• Individuals can benefit from it by using our apps or extensions, which has a block list based on it.

  • Developers can use it to make their own custom tracker block lists.

  • Researchers can use it to research the tracking universe.

Too many people believe that you simply can't expect privacy on the Internet. We disagree and have made it our mission to set a new standard of trust online. We are publishing Tracker Radar and open-sourcing its code in furtherance of this mission. Below is more technical information about how we generate and maintain it.

What is in DuckDuckGo Tracker Radar?

Tracker Radar is actually two compendiums of information:

1. A file for each third-party domain (usually associated with tracking, but not always) containing detailed information about it.

Each domain data file looks like this:

See the documentation for a full rundown, but here is a brief explanation of the major components captured:

  • Prevalence -- How common this domain is in our crawl.

  • Sites -- The actual count of sites this domain was found on in our crawl.

  • Categories -- High level reasons for using this domain as a third party.

  • Fingerprinting -- How likely this domain is to be using fingerprinting techniques as a third party.

  • Cookies -- How often this domain was found setting cookies as a third party.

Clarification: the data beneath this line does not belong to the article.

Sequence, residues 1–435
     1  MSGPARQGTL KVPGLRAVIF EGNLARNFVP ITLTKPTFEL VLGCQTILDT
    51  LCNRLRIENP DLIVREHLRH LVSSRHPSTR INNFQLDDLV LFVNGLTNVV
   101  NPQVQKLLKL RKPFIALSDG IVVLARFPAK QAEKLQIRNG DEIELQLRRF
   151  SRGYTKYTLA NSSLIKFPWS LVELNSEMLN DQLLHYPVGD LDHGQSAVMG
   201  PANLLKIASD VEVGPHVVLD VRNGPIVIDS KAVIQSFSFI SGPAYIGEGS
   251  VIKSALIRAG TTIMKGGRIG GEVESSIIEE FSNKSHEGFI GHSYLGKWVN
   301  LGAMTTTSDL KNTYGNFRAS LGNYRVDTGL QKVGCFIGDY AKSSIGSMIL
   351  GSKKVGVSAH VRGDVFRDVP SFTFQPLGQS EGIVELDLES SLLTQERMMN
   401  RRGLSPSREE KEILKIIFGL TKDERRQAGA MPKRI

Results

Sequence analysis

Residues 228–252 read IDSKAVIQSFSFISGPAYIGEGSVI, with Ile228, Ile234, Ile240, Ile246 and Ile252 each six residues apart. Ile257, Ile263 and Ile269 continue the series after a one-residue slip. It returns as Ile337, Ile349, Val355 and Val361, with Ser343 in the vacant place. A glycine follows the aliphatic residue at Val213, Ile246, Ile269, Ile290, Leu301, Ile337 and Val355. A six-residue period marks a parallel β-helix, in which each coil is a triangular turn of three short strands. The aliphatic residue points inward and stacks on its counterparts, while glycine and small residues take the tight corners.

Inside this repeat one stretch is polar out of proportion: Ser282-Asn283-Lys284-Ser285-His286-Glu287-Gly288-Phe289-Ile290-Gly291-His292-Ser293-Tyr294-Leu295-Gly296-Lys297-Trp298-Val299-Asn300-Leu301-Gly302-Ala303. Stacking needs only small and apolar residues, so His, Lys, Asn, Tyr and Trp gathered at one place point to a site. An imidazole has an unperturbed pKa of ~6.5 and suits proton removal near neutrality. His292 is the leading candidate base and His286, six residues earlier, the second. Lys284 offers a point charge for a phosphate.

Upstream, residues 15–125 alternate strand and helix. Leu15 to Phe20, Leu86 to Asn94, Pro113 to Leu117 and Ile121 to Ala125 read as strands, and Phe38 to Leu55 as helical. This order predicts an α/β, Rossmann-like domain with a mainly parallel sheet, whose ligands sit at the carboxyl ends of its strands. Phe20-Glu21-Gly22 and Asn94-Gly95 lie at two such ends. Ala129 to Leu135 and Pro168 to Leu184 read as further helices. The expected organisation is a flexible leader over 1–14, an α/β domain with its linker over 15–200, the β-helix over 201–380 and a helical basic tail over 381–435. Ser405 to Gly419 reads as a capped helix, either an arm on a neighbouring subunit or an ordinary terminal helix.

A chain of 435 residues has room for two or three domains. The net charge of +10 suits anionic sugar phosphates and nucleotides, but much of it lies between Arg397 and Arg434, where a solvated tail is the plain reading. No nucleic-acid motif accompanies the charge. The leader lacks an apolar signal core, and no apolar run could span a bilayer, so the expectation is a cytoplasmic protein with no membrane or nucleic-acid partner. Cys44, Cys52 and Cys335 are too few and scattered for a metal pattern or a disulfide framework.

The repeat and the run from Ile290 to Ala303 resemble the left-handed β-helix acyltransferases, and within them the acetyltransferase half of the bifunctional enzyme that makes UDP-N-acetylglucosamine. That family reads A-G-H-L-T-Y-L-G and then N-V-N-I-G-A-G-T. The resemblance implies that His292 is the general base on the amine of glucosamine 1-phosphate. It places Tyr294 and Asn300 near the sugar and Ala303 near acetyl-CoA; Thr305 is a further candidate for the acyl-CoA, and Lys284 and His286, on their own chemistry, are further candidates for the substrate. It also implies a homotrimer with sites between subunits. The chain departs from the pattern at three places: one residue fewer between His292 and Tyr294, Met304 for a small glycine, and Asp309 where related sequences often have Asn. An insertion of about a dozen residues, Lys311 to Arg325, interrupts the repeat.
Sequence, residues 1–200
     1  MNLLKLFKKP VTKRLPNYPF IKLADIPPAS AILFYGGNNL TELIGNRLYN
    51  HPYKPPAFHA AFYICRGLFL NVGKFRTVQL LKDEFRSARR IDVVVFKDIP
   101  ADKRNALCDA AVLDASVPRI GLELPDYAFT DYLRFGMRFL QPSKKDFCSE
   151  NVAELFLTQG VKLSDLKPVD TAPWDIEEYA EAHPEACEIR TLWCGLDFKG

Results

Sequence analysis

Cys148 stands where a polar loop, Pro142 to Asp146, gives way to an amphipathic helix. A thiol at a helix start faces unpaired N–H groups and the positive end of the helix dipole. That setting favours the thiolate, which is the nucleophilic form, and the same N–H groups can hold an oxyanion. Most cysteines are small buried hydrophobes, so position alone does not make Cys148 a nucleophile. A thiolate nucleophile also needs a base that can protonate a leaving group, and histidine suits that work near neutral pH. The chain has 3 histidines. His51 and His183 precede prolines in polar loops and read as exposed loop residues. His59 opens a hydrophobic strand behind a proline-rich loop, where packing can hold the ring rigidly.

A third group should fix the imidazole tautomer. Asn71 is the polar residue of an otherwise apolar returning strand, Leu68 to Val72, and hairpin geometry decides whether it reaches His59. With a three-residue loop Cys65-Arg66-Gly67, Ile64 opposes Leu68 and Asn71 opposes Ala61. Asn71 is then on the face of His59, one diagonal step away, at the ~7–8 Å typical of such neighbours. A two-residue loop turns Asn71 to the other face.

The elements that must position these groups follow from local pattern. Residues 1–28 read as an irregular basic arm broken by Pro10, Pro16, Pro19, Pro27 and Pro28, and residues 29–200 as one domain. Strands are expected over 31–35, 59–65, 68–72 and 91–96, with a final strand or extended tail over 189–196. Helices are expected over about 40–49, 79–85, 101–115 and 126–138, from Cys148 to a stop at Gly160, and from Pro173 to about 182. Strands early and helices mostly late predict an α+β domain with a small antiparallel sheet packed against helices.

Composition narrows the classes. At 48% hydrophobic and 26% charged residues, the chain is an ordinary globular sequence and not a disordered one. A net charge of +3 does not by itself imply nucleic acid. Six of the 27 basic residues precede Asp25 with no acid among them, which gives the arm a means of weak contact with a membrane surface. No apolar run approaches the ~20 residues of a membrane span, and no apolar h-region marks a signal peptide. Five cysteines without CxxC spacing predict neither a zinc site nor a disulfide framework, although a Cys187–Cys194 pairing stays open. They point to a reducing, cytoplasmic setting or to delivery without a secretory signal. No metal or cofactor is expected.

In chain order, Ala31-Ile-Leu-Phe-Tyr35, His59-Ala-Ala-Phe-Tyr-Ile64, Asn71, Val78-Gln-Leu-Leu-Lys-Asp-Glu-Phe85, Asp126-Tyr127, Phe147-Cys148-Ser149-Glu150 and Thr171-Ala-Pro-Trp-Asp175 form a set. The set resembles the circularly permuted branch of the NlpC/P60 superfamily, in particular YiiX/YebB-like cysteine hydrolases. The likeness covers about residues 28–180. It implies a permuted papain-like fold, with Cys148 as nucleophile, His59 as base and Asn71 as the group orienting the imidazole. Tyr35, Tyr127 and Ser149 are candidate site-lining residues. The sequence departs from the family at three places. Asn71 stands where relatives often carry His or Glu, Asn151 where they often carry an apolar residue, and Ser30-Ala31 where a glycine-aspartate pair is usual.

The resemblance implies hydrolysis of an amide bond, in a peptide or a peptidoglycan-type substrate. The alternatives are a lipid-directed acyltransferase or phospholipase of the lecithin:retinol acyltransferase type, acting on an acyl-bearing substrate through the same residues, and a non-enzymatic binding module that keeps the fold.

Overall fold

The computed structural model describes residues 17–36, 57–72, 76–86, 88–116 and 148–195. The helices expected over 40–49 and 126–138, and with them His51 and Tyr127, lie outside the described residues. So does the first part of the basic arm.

• Performance -- Impact of loading resources from this domain.

  • Owner -- Parent entity.

  • Resources -- Scripts, pixels, and other common resources this domain uses.

  • Subdomains -- Subdomains these resources may be found on.

2. A file for each parent entity, associating it with domains.

An entity data file looks like this:

An entity file lists all the domains that an entity owns. These domains are found in our crawl and cross-referenced with domains and entity names found in WHOIS and SSL certificates. This list can be used to accurately determine when a tracker is being used in a third-party context.

For example, we found on 29,758 of the sites in our current survey (68%). Since it is owned by Google, which has 479 domains in our data set, this means is being used on sites not owned by Google ~98% of the time.

Taken together, Google-owned domains are referenced on 93.2% of the sites we surveyed. That is shown above as 'prevalence'.

What can I do with Tracker Radar?

There are three main things you can do:

1. For individuals, get a better tracker blocker.

If you want the highest quality tracker protection derived from Tracker Radar, it is built into our DuckDuckGo Privacy Browser mobile apps (for iOS/Android) and our DuckDuckGo Privacy Essentials desktop browser extensions (for Chrome/Firefox/Safari).

2. For developers, make a custom tracker block list.

You can use the information in the data set to generate your own tracker block list.

While major browsers are making important strides to protect consumers from trackers, their current focus has been primarily on blocking trackers from setting cookies and limiting their access to browser resources commonly used for fingerprinting. However, they still don't block major trackers out right, which leaves the door open to many other types of tracking (e.g., exposing your IP address and recording your browsing history in the process).